Sleep does not help if it’s your soul that’s tired.
I spent a lot of time during Elul and in the days since Rosh HaShanah taking an accounting of my soul.
My soul is tired.
Tired of being a single-tasker in a multi-tasking world.
Tired of video conference calls that make me feel dyslexic.
Tired of writing condolence notes -- especially for young people.
Tired of eating alone at my desk day after day – for a few extra minutes of work time.
Tired of invariably choosing the pew behind chatters and squirmers -- every year at this season.
Tired of the volume and vulgarity of America’s political discourse.
Tired of having someone pass off my work as her own.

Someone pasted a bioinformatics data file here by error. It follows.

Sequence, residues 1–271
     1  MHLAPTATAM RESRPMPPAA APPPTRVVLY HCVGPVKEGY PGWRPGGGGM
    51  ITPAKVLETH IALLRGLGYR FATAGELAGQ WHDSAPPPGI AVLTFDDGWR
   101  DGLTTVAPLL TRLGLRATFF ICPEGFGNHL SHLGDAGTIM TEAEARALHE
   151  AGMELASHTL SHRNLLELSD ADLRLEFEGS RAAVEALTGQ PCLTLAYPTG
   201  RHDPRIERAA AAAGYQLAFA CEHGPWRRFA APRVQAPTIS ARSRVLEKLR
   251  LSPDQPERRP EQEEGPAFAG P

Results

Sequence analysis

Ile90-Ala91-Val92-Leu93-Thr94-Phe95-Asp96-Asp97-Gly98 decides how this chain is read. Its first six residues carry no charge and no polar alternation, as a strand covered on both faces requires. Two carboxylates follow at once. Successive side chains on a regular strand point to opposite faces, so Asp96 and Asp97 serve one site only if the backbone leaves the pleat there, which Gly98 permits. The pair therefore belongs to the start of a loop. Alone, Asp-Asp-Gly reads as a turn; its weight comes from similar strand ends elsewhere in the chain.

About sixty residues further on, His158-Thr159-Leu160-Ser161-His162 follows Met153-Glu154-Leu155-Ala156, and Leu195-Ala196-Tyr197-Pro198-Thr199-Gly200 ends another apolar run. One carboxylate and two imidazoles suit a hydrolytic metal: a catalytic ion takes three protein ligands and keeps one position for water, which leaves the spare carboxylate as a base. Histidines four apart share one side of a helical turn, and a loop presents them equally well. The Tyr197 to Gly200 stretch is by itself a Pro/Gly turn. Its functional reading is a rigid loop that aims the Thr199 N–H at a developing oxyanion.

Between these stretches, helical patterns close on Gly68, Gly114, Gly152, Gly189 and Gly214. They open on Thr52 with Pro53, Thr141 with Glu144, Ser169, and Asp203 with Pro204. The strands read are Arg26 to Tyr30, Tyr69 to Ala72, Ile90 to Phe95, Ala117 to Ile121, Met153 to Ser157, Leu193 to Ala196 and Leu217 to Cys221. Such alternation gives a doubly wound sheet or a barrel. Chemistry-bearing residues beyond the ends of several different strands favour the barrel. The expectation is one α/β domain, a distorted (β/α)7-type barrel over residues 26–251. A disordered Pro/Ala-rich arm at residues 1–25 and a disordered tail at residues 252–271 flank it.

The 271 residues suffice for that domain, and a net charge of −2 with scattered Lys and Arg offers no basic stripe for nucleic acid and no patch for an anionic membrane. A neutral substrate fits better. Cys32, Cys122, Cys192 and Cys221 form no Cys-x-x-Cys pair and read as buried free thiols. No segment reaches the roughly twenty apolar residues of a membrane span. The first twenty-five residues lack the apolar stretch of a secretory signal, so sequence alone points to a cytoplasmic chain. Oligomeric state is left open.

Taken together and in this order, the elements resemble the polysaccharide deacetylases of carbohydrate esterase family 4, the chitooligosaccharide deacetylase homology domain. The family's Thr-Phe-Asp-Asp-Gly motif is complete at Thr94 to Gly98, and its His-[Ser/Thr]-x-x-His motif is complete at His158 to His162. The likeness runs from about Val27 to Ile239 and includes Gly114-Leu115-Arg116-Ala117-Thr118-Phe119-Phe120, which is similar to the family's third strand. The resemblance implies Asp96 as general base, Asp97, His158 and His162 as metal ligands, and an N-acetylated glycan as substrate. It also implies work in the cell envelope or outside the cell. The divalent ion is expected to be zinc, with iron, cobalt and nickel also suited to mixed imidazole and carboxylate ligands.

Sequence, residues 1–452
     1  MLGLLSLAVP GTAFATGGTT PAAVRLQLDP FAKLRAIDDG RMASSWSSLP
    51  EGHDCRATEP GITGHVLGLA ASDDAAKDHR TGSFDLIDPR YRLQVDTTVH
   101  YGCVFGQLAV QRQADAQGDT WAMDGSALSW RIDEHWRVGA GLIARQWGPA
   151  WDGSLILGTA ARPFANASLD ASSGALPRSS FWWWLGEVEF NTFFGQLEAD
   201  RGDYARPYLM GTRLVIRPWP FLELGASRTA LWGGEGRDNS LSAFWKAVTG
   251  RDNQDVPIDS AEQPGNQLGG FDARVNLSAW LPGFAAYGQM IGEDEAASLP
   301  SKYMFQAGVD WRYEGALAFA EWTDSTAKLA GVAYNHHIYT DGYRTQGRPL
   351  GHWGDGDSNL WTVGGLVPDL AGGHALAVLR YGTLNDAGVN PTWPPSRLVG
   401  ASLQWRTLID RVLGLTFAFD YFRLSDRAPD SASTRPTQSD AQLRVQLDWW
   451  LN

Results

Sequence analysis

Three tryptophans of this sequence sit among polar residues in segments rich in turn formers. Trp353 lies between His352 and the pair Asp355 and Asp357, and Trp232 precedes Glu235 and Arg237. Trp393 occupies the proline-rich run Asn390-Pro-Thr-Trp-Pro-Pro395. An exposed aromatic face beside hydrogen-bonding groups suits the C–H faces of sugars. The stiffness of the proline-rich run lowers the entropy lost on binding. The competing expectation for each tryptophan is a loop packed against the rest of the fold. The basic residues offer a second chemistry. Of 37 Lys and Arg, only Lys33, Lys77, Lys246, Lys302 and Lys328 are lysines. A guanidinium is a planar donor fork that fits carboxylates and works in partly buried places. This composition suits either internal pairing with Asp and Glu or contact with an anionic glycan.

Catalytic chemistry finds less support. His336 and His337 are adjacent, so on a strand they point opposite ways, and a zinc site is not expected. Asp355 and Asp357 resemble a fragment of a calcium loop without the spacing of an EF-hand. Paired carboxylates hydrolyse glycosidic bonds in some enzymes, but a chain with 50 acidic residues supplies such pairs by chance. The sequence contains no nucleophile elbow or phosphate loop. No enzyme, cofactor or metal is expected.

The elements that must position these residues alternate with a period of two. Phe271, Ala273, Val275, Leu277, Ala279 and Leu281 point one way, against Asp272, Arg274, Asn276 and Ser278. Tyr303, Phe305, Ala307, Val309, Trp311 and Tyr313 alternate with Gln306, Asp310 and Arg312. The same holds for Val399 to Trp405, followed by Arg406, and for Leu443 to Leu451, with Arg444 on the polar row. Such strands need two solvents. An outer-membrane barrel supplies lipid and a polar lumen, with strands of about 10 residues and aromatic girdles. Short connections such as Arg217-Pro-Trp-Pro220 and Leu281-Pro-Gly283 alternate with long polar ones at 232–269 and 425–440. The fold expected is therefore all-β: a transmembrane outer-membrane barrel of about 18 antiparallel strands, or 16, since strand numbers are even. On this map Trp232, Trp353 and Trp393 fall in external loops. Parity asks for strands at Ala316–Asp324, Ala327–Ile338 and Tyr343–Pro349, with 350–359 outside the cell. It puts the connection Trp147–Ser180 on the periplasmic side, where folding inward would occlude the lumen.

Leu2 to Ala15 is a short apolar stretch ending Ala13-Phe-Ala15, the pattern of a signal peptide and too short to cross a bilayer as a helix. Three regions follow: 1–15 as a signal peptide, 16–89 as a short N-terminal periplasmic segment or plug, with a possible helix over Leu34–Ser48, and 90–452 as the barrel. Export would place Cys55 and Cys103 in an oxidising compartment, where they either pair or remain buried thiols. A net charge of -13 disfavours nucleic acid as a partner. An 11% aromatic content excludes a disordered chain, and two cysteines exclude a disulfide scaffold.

Tired of too-loud talkers, too-loud music, and too-loud kiddies with oblivious moms.
Tired of being pushed and squished on the subway.
Tired of incessant texters -- and constantly dodging them.
Tired of unending consumerism, entitlement, and privilege turning a blind eye to hunger, homelessness, and poverty – and tired of being powerless to help right
Tired of technology’s ceaseless interruptions.
Tired of being bereft of things that promote quality of life and a touch of humanity: face-to-face meetings, apples and honey, thanks for a job well done, uninterrupted work time, morning greetings, communal space,
intellectual banter, inside voices, guidance, mentors, a voice, a presence, learning opportunities, creativity for its own sake, and a Shabbat shalom or two when Friday
finally rolls around.
My soul is tired – and I don’t know how or where to find the joy, the fun, the funny, the warmth, the camaraderie, the smile, the delight, or the gladness
that might bring it back to life.